Isaac Newton was born on 25th December, 1642, a Christmas day in England. He was a premature baby and his father died three months before his birth. In addition, his mother left him with his grandmother when he was three years old, because she wanted to remarry. When Newton's step father died, eight years later his mother came back to him with three children and he denied her and refused her attention. With his mothers return, Newton had to become a farmer which he was unsuccessful at and was able to return to Kings' school so that he prepare himself for Trinity College, which he was requested to go to by his mother's brother, a clergyman who was an undergraduate there. Newton paid his first three years fee by cleaning the tables and rooms of rich students.
In 1674, he met a Professor of Mathematics, Isaac Barrow and received private study from him, which caused him to master in few important scientific revolution figures. When the university at Cambridge closed in 1665 after a plague had spread all around Europe and came to Cambridge Newton spent two years studying problems in mathematics and physics. With this, he began to understand the theory of gravitation and the theory of optics. However, he was always scared to publish his work during this time. As he also had expertise in mathematics, Newton made a method of fluxions, which was related to calculus. Newton recalls "All this was in the two plague years of 1665 and 1666 for in those days, I was in my prime of age for invention, and minded mathematics and philosophy more than at any time since.”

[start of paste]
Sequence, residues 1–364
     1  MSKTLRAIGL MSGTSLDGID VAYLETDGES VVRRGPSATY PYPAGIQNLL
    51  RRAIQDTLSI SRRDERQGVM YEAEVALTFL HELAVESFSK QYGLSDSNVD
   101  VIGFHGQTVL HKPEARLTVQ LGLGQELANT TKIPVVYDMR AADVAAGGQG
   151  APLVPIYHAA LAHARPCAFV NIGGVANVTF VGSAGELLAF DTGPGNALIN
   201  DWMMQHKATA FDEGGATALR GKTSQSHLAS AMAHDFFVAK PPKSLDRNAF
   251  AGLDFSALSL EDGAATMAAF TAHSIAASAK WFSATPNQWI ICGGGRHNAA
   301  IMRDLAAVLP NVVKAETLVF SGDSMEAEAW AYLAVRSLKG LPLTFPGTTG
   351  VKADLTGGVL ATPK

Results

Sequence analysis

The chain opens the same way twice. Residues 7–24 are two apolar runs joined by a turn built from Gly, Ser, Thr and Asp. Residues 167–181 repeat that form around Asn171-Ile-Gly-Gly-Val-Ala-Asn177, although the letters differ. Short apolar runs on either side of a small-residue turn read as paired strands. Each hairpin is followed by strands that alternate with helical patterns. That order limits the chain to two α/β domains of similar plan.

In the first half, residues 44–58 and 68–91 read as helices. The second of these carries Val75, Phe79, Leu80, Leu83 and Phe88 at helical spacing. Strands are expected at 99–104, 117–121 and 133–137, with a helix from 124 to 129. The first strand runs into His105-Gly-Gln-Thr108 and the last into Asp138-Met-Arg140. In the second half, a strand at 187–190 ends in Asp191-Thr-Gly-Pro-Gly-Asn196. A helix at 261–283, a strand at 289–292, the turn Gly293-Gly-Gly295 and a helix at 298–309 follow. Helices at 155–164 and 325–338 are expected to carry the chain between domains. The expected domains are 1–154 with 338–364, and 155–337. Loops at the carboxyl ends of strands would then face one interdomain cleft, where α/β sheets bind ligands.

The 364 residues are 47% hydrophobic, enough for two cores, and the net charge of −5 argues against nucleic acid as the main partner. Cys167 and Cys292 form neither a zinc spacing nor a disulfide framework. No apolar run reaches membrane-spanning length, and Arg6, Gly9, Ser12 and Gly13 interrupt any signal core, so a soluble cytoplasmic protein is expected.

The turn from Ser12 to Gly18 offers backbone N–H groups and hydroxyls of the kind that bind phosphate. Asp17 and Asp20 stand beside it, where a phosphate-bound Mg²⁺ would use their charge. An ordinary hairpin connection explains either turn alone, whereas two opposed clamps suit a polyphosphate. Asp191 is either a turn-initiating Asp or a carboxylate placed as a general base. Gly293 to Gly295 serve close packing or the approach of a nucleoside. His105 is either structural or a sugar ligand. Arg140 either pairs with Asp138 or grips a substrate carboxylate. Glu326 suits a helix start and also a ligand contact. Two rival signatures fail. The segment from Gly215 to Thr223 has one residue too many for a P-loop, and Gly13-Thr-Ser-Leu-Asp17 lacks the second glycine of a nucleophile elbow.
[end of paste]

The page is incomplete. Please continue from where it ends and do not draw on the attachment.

In April 1667, Newton returned to Cambridge, and he was elected as a minor fellow at Trinity. During this time, he also began to work on alchemy; however, Nicolas Mercator published a book having some methods for dealing with infinite series. Newton wrote a treatise, De Analysis, right after Mercator adding his own wider ranging results. Isaac Barrow helped share Newton's discoveries with London mathematics which brought attention to Newton in the mathematics community for the first time. In addition, he took a master degree in arts and became the senior fellow. Following this was Newton's becoming a Lucasian Professor after the reassignment of his friend Isaac Barrow. This gave Newton the chance to manage results of his earlier researches and communicate his paper to make public such as his study on the nature of color.
Moreover, Newton's first major public, scientific achievement was a reflecting telescope. With the making of this invention, he made his own tools to build it. This invention was a huge jump in telescope technology and ensured his election to membership in the Royal Society. The telescope had a certain effect called chromatic aberration, which gave a focus in different colors at slightly different distances. His invention is still used today.
In 1666, the most remunerable thing about Newton happened, Newton's observation of the ...